Every investment need to be reviewed to ensure it’s on target and one step in the review is to assess your asset allocation for diversification. You don’t want all your eggs in the same basket. I wrote a post on how to track your asset allocations and today, I’ll review my allocations. A portfolio diversification is important and it also needs to be looked at from many angles as you’ll see below.
Asset Allocation By Sector
My investments now cover 7 sectors which are non-cyclical. The financial sector is still my leading sector in asset allocations and I don’t see that changing. In fact, the recent pullback allows me to buy some more. The dividends are good and I expect them to get back on the annual dividend increase.
The next largest sector is the utility sector and that’s without Just Energy. As you can see, the financial and utilities are well represented in my dividend income portfolio. That’s where I started and I buy on dip as well as through regular OCP (Optional Cash Purchase) with the transfer agents. I categorize the Utility sector as to the companies that deal directly with customers directly and Enbridge TSE:ENB fall in that category although they do much more. Below is the number of investments per sector adding up to the percentages above based on the amount invested.
Asset Allocation By Capitalization
As you can see, I am mainly invested in large cap companies. The only exceptions are REITs as they tend to fall on the smaller side and I have Liquor Store (LIQ) which is quite small.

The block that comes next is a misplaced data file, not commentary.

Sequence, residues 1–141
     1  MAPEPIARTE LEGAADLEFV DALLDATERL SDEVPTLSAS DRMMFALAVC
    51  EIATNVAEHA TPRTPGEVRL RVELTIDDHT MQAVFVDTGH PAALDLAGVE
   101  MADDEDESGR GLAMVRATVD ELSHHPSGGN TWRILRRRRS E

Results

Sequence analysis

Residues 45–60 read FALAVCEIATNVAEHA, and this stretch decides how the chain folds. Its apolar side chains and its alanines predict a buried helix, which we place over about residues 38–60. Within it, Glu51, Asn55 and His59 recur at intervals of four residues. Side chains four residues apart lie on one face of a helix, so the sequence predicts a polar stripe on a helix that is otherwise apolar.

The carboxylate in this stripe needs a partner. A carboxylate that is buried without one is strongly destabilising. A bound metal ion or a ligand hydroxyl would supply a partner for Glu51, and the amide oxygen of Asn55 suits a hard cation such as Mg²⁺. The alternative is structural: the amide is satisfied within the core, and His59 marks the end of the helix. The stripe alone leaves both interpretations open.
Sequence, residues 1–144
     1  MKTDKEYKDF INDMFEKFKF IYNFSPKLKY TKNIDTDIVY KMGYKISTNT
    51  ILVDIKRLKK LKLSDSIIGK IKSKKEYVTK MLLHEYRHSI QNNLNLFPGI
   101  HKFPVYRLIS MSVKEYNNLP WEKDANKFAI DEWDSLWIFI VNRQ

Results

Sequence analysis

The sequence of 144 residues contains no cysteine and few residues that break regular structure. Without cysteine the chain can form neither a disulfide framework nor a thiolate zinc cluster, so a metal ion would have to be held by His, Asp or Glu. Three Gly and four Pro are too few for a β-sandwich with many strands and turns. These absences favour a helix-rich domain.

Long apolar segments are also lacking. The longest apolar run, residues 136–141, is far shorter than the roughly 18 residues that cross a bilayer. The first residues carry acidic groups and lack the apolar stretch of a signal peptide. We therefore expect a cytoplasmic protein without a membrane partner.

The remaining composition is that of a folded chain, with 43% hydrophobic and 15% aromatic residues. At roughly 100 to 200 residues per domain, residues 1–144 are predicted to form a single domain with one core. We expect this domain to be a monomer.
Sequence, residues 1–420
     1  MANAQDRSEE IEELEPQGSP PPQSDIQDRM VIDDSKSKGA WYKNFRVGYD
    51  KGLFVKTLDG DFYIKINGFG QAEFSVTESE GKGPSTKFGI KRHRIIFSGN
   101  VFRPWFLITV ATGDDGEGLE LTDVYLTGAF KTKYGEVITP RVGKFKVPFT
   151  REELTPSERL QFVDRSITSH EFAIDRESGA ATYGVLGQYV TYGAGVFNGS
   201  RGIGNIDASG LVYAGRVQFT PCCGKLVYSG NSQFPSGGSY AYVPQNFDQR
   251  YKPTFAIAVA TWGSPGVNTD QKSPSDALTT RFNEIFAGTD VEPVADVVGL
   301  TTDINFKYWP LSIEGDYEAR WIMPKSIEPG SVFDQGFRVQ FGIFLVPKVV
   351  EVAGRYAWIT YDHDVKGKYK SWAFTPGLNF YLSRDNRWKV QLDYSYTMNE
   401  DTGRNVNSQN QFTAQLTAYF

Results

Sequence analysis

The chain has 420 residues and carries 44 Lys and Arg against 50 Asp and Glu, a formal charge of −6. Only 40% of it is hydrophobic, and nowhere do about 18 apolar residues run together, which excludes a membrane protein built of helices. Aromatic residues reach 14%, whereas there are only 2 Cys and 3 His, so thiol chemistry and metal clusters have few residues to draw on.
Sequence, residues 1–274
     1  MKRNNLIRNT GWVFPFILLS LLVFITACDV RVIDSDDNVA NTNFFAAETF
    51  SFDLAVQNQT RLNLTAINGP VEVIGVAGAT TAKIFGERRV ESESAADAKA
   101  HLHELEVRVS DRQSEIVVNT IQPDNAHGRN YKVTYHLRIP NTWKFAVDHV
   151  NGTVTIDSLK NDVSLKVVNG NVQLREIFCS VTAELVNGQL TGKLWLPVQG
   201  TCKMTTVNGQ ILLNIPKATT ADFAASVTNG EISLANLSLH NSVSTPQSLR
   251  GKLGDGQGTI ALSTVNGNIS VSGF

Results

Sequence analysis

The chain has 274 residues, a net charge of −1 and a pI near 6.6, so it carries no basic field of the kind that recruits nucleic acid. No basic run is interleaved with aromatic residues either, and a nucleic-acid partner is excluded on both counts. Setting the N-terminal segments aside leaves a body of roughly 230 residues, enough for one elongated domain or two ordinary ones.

– Large Cap is more than 10B$
– Medium Cap is more than 2B$
– Small Cap is less than 2B$
Aside from JNJ, KO and AT&T, which have well above 100B$ in market cap., large cap in Canada aren’t crazy high. The banks actually have the largest capitalization and I have a position in 5 of them.
Asset Allocation By Location
Until last year, I would have been invested 100% in Canada but I started looking south of the border and investing into some world conglomerates. Not only do I have exposure to the U.S. but I also have international exposure through my holdings.
I am satisfied with my current diversification and my progress into the global conglomerates. As a Canadian, the US dollars has always been stronger and we need the export as a nation so it’s only a matter of time before the Canadian dollar comes down. Note that I am not in a rush, my dollar goes a long way for personal items.
It’s worth pointing out that my dividend portfolio does not consist of my entire investment portfolio due to my defined contribution plan. My dividend portfolio represents approximately 35% of my overall investments and my fixed income safety net lives in my defined contribution plan. This portfolio is all about generating income.